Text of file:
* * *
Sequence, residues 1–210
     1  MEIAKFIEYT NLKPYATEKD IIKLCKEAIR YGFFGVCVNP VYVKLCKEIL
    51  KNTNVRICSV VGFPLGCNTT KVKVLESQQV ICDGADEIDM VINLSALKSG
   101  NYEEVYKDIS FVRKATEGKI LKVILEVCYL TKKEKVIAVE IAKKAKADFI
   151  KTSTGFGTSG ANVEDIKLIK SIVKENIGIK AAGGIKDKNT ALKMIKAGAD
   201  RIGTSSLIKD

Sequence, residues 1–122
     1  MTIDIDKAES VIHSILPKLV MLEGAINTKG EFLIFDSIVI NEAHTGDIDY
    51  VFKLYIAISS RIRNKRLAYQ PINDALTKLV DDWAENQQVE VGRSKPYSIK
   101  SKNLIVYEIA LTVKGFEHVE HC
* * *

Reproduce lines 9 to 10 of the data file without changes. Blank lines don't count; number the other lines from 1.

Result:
    51  VFKLYIAISS RIRNKRLAYQ PINDALTKLV DDWAENQQVE VGRSKPYSIK
   101  SKNLIVYEIA LTVKGFEHVE HC